At a cost of about $7,500, Aegis retrofitted a complete system onto one of Madison Earth Care's 22-foot enclosed landscape trailers. "They did a terrific job. The panels take up only about 10 feet on the top of the trailer," he explains. Even that may be a little overkill for the power actually needed, but the goal was to ensure power even during days without sun.
The solar panels create electricity that is converted to 110 volts, which powers the rechargeable batteries. The trimmer and blower batteries come with regular household plugs, so outlets were installed on the wall of the trailer. "All the guys have to do is plug the charger in the wall," says Blundon. "We tried to keep it as simple as possible."
Photos courtesy of Madison Earth Care.
Also in the trailer is a large battery that is continually charged by the sun and provides backup for those days when it's cloudy or rainy. "We can run fine for two or three days without any sun," he notes. It takes about 45 minutes to fully charge the trimmer/blower batteries, so each piece of equipment will run on one battery while a spare is charging. His techs just change batteries every two or three lawns.
One of the main benefits, obviously, is a reduced need for gasoline versus the company's traditional two-cycle trimmers and blowers. That saves money in two ways, says Blundon: first in the cost of purchasing gas and second in reduced maintenance.
"With the ethanol they're putting in gas, the equipment doesn't run as well and my guys are constantly ripping out recoils [trying to start the equipment]," he states. "The carburetors are screwing up, the guys are frustrated and the equipment is down. And between gas and oil, we were paying about $5 a gallon for all the frustration involved."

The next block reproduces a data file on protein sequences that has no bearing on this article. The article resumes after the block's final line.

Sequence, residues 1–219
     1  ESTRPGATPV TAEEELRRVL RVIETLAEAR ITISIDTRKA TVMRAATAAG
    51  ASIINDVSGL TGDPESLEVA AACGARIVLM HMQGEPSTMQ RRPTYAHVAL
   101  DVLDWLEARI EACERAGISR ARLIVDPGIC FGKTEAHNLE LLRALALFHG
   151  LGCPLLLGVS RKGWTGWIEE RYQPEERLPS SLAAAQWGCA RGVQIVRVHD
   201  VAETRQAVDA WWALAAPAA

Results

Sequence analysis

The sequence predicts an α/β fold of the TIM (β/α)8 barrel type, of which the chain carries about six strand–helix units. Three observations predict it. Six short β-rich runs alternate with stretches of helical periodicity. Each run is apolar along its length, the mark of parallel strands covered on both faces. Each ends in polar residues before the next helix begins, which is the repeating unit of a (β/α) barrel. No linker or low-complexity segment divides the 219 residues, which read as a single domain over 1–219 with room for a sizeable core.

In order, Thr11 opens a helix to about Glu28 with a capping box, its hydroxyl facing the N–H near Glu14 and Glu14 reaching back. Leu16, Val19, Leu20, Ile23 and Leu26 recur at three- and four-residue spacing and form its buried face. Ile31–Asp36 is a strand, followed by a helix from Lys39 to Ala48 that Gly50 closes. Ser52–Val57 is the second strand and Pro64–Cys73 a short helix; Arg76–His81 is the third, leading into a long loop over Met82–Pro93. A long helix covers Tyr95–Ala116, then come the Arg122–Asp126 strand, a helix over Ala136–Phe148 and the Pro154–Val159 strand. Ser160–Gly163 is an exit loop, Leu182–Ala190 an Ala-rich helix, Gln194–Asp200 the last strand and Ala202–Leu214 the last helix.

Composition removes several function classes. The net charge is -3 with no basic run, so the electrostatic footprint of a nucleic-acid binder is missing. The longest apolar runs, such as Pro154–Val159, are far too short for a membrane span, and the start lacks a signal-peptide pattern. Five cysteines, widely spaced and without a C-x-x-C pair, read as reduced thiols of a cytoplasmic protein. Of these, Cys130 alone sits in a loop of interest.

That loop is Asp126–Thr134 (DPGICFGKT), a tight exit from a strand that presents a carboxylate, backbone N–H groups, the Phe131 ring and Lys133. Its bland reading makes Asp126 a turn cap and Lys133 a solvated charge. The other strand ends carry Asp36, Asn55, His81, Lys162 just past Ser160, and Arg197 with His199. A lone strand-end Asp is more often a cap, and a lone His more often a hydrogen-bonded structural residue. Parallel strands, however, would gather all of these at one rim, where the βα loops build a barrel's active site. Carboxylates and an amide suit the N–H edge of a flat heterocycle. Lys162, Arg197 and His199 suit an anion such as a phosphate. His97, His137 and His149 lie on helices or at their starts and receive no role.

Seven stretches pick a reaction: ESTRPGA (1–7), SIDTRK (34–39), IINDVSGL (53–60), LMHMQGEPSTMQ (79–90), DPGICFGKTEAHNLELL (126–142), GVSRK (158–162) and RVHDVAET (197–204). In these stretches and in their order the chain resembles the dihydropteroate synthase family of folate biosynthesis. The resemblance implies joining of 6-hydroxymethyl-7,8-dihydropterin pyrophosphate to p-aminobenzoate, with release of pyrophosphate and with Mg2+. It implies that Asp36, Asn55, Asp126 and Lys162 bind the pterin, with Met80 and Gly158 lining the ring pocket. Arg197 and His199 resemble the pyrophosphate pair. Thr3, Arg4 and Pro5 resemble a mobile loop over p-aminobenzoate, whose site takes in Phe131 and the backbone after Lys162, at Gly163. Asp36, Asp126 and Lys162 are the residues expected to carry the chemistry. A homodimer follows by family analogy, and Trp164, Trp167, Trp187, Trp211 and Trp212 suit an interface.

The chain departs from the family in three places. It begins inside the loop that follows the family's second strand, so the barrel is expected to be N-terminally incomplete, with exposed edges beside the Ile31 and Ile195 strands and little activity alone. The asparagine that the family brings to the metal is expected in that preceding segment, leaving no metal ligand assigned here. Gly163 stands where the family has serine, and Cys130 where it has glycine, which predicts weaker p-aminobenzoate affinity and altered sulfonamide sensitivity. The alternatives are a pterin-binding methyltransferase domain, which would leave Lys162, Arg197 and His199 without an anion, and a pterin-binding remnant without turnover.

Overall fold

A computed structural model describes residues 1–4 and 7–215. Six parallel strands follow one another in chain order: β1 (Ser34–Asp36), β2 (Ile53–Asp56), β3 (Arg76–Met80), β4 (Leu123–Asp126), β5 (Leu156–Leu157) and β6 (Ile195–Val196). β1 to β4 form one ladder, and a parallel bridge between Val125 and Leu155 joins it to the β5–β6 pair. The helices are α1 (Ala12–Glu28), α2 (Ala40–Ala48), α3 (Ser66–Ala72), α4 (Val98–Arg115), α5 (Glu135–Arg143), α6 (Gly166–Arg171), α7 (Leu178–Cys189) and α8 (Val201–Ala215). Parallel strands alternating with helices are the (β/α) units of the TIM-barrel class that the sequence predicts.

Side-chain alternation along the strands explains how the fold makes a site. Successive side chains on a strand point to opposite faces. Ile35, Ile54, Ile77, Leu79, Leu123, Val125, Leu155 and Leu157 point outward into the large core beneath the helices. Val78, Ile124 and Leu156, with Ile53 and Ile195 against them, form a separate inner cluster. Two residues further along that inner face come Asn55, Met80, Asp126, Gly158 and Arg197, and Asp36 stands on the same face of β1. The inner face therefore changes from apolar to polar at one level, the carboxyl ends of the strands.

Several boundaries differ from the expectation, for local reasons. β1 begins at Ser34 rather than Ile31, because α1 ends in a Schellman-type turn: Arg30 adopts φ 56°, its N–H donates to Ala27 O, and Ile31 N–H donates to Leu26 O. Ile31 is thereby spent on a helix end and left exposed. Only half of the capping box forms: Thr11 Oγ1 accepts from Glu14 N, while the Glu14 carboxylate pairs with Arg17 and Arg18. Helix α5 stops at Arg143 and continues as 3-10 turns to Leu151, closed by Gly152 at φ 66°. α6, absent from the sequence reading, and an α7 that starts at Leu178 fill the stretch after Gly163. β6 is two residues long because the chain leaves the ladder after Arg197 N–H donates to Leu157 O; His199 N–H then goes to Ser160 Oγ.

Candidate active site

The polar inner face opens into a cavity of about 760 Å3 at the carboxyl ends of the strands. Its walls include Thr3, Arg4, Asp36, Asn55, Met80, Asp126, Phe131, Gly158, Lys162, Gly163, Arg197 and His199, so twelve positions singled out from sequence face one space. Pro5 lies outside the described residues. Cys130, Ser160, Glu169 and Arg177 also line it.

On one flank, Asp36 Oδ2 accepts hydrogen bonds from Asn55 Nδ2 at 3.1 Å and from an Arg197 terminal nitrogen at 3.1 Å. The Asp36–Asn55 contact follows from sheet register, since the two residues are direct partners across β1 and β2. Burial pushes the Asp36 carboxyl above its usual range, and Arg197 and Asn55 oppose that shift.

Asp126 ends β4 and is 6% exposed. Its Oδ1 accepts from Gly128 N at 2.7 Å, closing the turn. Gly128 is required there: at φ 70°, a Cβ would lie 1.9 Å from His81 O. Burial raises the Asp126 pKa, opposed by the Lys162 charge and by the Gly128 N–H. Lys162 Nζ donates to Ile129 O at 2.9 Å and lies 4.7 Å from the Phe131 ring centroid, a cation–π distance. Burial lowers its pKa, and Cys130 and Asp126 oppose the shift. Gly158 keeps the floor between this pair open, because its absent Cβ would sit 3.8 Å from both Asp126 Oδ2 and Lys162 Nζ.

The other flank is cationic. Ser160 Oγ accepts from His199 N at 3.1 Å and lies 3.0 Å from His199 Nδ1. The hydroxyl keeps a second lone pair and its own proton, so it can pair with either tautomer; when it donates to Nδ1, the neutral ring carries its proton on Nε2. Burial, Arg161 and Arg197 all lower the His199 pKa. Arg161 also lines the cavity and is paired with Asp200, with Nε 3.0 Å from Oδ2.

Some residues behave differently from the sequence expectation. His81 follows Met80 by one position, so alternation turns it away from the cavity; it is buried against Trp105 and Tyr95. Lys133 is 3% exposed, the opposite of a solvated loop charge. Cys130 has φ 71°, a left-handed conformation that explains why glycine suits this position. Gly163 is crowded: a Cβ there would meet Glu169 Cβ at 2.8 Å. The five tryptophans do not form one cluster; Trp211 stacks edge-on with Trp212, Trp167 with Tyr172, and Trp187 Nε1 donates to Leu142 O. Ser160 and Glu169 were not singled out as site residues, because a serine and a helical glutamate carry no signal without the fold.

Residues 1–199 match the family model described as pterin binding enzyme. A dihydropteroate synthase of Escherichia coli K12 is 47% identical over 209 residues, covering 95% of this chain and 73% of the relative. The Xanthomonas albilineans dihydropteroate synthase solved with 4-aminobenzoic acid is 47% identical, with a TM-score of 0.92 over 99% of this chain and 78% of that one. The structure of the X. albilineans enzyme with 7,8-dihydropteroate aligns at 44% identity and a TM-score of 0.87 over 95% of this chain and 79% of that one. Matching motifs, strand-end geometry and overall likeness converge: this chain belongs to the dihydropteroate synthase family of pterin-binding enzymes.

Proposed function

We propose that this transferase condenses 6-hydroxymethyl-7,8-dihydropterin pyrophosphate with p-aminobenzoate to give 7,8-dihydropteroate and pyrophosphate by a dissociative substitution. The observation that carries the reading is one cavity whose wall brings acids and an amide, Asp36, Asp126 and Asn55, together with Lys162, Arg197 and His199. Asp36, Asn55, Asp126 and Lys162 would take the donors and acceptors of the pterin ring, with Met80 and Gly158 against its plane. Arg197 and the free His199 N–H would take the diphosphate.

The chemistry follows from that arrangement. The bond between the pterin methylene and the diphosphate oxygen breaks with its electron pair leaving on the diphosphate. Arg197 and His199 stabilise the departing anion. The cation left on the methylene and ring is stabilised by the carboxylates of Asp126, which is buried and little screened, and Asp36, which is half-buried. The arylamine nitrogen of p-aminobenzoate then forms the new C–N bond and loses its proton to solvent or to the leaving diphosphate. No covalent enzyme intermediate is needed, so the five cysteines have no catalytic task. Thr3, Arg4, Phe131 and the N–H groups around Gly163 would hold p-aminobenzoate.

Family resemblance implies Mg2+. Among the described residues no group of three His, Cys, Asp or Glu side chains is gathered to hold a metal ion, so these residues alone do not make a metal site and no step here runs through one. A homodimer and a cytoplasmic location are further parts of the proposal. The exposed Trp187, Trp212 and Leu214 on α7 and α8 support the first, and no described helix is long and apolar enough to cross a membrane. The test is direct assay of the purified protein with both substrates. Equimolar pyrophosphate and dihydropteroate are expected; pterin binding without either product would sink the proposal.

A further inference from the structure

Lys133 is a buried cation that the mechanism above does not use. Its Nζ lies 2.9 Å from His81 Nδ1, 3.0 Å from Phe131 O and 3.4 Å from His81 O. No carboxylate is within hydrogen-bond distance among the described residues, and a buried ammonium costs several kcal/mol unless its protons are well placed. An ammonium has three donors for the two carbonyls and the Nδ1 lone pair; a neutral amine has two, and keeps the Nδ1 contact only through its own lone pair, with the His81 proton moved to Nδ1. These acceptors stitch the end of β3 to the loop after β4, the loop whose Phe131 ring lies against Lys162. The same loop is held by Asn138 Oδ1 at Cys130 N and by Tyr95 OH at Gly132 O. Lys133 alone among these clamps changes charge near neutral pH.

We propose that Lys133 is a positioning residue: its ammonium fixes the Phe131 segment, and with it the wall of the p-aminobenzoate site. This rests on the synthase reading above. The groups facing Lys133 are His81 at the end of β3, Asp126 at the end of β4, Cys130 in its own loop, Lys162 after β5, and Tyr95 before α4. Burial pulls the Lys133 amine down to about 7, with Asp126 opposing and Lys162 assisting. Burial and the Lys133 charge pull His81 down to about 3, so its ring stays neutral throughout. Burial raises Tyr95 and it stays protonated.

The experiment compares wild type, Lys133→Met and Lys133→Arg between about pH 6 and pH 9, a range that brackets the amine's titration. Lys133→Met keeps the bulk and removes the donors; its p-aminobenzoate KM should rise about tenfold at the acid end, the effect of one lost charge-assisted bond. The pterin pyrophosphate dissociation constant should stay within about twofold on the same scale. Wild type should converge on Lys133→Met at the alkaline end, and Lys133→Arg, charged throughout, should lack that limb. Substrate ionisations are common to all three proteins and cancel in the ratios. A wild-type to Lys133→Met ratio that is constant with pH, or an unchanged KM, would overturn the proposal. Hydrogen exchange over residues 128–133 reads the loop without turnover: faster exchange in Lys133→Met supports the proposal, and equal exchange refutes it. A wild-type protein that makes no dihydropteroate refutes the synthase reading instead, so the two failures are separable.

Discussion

This Scag dual-fuel mower can be operated with either gasoline or propane. Madison Earth Care already had a propane filling station on site for filling tanks for customers' grills.
The electric units, on the other hand, have worked as advertised, says Blundon.
"First, they're quiet. They're also lighter weight. And there's no recoil," he explains. He says the crews have also found an unexpected benefit as the electric STIHL trimmers rotate in the opposite direction from traditional trimmers, so all of the clippings are thrown away from rather than toward the operator.
"There's just much less fatigue in using them. We find that we're getting an extra three or four lawns done per week because the crews are more productive. So the savings are just in fuel but more importantly in increased productivity."
He adds that the electric trimmers are so quiet that crews can start trimming earlier in the mornings and get that out of the way first before starting to mow.